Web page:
In concomitant treatment with clonidine, clonidine should not be discontinued unless administration of Zebeta has been terminated for a few days.

The concurrent use of nifedipine may potentiate the antihypertensive effect of Zebeta. In concurrent use of Zebeta and calcium antagonists of the verapamil and diltiazem type or other antiarrhythmic agents, careful monitoring of the patient is indicated, as this can cause hypotension, bradycardia and other conditions of arrhythmia. The IV administration of calcium antagonists and antiarrhythmic agents is therefore not recommended during treatment with Zebeta.

The concurrent use of Zebeta and rifampicin can slightly reduce the half-life of Zebeta. An increase in dose is generally not necessary.

The concurrent use of Zebeta and insulin or oral blood sugar-reducing drugs may potentiate the effect of the latter. The symptoms of hypoglycemia (in particular tachycardia) are masked or mitigated. Blood sugar levels should be monitored regularly.

As cardiac output may be impaired under anesthesia, prior to an operation, the anesthetist should be informed if the patient is being treated with Zebeta.

Zebeta side effects

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What are the possible side effects of Zebeta?

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Applies to Zebeta: oral tablet

As well as its needed effects, Zebeta (the active ingredient contained in Zebeta) may cause unwanted side effects that require medical attention.

Major Side Effects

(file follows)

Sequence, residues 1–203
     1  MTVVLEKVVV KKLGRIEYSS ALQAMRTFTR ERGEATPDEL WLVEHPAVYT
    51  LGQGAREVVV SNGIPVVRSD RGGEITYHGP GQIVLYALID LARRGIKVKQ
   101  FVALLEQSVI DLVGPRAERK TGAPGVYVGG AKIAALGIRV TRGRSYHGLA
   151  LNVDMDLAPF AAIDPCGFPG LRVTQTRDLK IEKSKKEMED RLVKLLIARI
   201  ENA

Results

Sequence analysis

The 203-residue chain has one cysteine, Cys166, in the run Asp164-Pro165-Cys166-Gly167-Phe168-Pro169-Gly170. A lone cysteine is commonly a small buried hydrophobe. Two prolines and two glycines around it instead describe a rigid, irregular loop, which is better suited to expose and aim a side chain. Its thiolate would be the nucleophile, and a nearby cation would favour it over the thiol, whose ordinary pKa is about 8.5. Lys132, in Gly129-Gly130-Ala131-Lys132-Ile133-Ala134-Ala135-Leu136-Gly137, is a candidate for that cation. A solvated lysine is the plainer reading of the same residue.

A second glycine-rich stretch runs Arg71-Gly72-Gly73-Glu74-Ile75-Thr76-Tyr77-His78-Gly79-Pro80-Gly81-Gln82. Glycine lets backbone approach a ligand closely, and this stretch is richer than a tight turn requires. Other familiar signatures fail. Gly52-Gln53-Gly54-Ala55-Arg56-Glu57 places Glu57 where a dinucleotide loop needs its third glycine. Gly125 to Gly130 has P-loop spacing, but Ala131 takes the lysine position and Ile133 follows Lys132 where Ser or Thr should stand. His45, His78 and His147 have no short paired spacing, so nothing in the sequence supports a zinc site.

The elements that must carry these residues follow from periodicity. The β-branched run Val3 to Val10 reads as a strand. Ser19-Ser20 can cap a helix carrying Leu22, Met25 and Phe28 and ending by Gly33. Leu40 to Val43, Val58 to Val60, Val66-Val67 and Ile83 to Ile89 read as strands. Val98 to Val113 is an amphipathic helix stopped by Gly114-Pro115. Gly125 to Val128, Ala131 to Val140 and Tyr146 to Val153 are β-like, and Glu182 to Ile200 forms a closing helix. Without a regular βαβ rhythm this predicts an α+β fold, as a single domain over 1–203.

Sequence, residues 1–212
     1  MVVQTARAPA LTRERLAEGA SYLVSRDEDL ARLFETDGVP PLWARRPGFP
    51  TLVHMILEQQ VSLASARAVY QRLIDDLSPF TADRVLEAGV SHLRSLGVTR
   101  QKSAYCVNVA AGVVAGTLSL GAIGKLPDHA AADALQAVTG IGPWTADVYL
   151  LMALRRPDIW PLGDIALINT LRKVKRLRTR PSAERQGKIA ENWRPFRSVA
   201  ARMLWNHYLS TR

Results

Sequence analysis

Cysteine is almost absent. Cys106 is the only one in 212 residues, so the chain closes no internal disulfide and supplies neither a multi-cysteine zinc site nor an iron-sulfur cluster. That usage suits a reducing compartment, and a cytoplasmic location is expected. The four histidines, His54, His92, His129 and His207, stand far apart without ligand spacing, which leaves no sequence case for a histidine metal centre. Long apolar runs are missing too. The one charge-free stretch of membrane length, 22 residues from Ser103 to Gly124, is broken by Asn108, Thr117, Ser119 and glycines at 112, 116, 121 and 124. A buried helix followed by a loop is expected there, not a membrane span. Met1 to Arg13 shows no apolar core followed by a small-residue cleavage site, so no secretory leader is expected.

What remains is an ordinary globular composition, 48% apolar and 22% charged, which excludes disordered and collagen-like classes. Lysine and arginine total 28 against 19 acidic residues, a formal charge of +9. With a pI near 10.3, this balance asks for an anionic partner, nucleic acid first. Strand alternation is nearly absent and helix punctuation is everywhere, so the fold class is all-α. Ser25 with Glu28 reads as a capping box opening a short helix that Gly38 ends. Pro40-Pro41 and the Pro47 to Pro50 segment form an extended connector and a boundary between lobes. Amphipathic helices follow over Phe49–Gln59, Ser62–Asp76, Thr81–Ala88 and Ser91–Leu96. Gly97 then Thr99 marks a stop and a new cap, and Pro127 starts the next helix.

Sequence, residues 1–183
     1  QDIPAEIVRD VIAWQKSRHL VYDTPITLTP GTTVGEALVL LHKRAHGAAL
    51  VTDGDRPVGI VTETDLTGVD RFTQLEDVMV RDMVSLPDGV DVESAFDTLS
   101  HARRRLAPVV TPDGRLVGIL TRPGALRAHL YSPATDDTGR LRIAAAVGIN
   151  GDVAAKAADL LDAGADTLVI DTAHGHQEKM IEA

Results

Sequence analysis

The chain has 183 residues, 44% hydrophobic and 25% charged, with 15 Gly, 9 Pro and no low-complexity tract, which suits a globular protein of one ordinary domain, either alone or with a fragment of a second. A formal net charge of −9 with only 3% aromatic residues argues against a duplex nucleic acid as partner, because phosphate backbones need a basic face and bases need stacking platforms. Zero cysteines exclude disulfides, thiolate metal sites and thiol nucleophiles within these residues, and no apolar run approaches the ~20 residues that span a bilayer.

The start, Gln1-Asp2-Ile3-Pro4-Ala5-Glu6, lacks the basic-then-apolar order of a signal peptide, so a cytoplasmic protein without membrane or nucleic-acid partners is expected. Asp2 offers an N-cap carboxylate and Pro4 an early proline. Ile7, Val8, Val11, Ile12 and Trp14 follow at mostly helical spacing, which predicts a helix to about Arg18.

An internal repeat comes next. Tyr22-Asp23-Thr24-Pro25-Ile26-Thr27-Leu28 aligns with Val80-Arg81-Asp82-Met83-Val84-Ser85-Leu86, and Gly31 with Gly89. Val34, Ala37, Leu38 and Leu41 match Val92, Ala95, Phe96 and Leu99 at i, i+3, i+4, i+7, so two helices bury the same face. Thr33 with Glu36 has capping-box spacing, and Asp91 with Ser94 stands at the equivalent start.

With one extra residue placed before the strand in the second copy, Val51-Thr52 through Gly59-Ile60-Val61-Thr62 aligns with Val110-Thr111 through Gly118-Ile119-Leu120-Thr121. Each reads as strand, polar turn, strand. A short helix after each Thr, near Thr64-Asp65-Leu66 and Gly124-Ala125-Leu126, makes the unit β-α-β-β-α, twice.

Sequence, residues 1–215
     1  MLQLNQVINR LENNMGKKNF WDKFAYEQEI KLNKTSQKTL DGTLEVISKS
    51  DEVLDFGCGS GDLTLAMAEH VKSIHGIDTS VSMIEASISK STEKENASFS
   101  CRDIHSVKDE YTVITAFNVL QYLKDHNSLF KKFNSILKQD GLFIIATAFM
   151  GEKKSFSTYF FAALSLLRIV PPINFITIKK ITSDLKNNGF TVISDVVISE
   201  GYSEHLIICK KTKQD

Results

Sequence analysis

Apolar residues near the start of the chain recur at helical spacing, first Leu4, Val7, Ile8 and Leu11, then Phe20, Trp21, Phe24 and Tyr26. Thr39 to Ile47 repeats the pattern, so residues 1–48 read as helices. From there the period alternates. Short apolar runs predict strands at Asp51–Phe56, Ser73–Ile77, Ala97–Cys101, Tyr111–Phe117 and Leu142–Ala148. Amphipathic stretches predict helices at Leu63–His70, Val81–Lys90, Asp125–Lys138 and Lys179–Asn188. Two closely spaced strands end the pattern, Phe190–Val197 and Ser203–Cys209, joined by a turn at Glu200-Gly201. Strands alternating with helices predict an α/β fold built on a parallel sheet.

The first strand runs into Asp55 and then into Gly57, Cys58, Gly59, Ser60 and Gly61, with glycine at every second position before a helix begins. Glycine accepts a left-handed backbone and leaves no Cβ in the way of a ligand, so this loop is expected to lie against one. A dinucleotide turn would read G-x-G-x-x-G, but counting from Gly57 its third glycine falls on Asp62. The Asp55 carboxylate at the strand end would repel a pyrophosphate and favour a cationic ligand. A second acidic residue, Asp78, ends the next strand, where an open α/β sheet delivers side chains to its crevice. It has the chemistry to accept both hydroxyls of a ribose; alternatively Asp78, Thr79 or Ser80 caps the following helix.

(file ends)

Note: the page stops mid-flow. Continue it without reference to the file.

If any of the following side effects occur while taking Zebeta, check with your doctor immediately:

Less common:

Rare

If any of the following symptoms of overdose occur while taking Zebeta, get emergency help immediately:

Symptoms of overdose:

Minor Side Effects

Some Zebeta side effects may not need any medical attention. As your body gets used to the medicine these side effects may disappear. Your health care professional may be able to help you prevent or reduce these side effects, but do check with them if any of the following side effects continue, or if you are concerned about them:

Less common:

Zebeta contraindications

See also:
What is the most important information I should know about Zebeta?

Do not skip doses or stop taking Zebeta without first talking to your doctor. Stopping suddenly may make your condition worse or cause other serious heart problems.

If you need to have any type of surgery, tell the surgeon ahead of time that you are using Zebeta.

Zebeta can cause side effects that may impair your thinking or reactions. Be careful if you drive or do anything that requires you to be awake and alert.

Avoid drinking alcohol. It can increase some of the side effects of Zebeta.